Why Some Print Magazines Have Hit Pause During the Pandemic
Have some magazines been too hasty to hit pause on publication, allowing other titles to capitalise on readers’ appetites for content during lockdown?
It’s very much a mixed picture for print magazines during the coronavirus pandemic. While some titles are finding new readers looking for a bit of escapism, others have chosen to remove themselves from the shelves.
But, have some magazines been too hasty to hit pause on publication, allowing other titles to capitalise on readers’ appetites for content during lockdown?
Before we get into why some print magazines have taken the decision to wait until things have returned to some kind of normality, it’s important to stress that no publication will have made the choice lightly.
The relationship between magazine and reader is often a dear and personal one. People tend to pick up a magazine as a way of relaxing, be it on the sofa or on a sunbed somewhere hot. Magazines are both great company and a great comfort to many of us, which might prompt us to subscribe for a regular source of joy and entertainment.
And it’s not all about escapism. Some readers rely on magazines to provide them with trusted news, information and expert opinion in a chosen industry or subject. Traditional, respected print news sources are particularly important in times of trouble – illustrated recently during the pandemic when publishers had been referred to as ‘the fourth emergency service’.
Meanwhile, magazines love their readers. They understand they have made a conscious choice to buy or subscribe and that counts for a lot. Magazines know that, without their loyal community of readers, they would cease to exist.
Prioritising readers’ safety
In announcing they would be temporarily suspending publication, some titles have said they think it would be “irresponsible” to tell its audience to visit a shop during a period of high contagion.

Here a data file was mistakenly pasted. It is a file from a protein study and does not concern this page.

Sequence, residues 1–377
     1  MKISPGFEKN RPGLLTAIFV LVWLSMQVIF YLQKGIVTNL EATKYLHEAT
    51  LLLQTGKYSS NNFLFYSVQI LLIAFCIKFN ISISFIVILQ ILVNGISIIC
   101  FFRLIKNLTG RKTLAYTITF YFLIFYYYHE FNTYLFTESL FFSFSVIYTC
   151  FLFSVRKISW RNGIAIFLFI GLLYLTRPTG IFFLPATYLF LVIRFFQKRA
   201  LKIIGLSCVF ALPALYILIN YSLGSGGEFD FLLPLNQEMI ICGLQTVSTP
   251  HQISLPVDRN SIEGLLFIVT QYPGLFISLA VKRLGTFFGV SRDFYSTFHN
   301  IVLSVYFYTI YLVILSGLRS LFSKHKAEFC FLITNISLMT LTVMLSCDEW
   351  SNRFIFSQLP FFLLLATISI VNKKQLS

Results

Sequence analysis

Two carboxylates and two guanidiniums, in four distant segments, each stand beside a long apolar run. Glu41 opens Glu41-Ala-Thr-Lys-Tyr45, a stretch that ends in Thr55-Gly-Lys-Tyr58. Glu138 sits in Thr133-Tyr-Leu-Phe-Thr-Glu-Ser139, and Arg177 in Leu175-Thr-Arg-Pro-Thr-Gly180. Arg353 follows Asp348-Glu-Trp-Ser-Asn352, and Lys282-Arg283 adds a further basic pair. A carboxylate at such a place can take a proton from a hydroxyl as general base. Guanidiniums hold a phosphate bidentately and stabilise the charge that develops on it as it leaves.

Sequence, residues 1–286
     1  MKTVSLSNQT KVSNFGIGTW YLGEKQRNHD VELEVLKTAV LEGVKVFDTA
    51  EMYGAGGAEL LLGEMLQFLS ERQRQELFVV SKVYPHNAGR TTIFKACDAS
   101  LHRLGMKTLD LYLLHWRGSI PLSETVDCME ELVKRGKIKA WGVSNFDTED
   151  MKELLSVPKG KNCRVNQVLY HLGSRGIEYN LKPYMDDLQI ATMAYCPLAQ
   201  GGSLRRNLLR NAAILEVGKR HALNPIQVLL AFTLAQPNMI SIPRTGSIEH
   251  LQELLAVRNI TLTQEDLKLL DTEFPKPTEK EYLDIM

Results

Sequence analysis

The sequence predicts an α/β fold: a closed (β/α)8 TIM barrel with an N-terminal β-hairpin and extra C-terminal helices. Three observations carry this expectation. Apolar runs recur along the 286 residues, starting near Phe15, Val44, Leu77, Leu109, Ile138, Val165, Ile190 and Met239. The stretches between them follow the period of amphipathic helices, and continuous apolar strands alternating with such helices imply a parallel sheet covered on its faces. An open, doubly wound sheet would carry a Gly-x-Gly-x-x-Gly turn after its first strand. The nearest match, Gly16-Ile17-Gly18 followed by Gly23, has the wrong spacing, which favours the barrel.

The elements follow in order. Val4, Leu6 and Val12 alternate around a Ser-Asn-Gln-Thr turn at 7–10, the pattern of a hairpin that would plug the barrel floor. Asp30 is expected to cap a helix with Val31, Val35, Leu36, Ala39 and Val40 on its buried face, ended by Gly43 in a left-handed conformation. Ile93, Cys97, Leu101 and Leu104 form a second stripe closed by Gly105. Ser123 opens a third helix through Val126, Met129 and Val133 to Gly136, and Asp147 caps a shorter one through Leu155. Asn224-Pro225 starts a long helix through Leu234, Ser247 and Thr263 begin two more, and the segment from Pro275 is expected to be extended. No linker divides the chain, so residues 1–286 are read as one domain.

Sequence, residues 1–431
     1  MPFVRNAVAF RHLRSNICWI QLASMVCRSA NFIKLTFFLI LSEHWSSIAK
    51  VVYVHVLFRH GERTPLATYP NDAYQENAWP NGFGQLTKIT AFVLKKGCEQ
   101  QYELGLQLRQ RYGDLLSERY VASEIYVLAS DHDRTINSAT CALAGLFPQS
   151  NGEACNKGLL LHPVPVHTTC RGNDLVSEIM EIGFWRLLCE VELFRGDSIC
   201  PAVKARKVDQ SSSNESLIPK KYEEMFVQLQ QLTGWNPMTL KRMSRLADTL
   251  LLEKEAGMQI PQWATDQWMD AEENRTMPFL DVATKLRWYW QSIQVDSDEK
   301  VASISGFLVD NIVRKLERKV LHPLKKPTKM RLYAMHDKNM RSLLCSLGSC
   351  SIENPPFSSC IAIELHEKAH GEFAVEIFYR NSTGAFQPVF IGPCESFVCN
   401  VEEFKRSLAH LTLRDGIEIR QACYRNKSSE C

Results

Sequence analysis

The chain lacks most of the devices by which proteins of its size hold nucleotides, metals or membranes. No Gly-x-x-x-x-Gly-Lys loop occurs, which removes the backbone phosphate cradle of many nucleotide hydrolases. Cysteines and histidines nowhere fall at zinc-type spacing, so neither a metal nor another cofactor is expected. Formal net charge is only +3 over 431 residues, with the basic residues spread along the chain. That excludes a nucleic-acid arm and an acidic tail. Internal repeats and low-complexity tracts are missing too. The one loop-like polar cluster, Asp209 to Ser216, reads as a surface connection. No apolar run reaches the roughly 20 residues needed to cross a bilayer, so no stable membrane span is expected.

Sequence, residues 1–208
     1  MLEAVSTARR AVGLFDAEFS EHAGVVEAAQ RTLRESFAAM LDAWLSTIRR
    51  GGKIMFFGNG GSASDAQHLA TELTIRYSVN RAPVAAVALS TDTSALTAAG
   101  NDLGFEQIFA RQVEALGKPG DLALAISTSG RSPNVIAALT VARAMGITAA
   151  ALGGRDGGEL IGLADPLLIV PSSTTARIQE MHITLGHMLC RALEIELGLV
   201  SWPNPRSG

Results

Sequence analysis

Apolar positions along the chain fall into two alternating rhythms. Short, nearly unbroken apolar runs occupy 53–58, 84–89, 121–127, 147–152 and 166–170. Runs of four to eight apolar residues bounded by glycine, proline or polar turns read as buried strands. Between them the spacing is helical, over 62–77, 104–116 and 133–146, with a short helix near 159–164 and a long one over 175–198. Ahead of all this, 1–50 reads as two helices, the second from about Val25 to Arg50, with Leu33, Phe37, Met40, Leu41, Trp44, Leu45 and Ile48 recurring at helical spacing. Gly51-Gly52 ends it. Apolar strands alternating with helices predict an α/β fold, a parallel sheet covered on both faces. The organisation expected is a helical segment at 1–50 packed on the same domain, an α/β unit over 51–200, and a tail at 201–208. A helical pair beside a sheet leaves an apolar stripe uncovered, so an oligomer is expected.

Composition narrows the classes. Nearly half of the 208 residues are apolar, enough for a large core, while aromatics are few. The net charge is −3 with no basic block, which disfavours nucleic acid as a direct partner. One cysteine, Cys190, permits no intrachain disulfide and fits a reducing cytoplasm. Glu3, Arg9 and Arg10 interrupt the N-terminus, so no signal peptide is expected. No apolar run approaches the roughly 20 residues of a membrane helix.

Given that so many of us around the world have been told to stay in our homes unless it’s “absolutely essential”, it’s hard to make an argument that going out to buy a magazine falls into that category.
In explaining its decision to suspend publication for three months, music magazine Kerrang! said it had become “virtually impossible to distribute a weekly magazine effectively” amid lockdown.
In addition to considering readers’ safety, it highlighted how the “closure of several local newsagents and the decrease of sales at travel points […] have both affected what we do, along with the understandable decision taken by supermarkets to prioritise the delivery of groceries.”
Lack of outlets
So while demand for magazines hasn’t necessarily declined during the coronavirus outbreak, the decline in the movement of people, coupled with the availability of stock has made it a volatile time for publishers. As we highlighted in a previous blog, magazine sales at convenience stores are up as people start to shop more locally. However, weekly sales in March across all retail types were down 9% year on year, according to data by UK-based magazine distributor Seymour.
Airports and other travel retail sites fared worst, with magazine sales falling by around 85% and 60%, respectively. Meanwhile, supermarkets recovered from a more than 7.5% year-on-year fall to be down just 4.75% year on year.
Commenting on the mixed picture, Seymour’s client services director, Duncan Shearer, told betterRetailing: “Grocery sales for magazines have been very volatile, with consumers bulk-buying on one day, causing the availability of stock to disappear on others. The sales figures have gone up and down.”
Only time will tell whether certain magazines’ decision to press pause on publication will prove correct. However, given the current retail landscape across Europe it’s not hard to see how they’ve come to make what would’ve been a difficult decision.
On a more positive note, some publishers have looked to buck the trend entirely and launch during the crisis – namely NME Australia – banking on the fact that they’ll draw in a new army of fans during lockdown. Their logic is that “people are seeking compelling content, engaging news and home-based entertainment” at this difficult time – something that print can offer in abundance.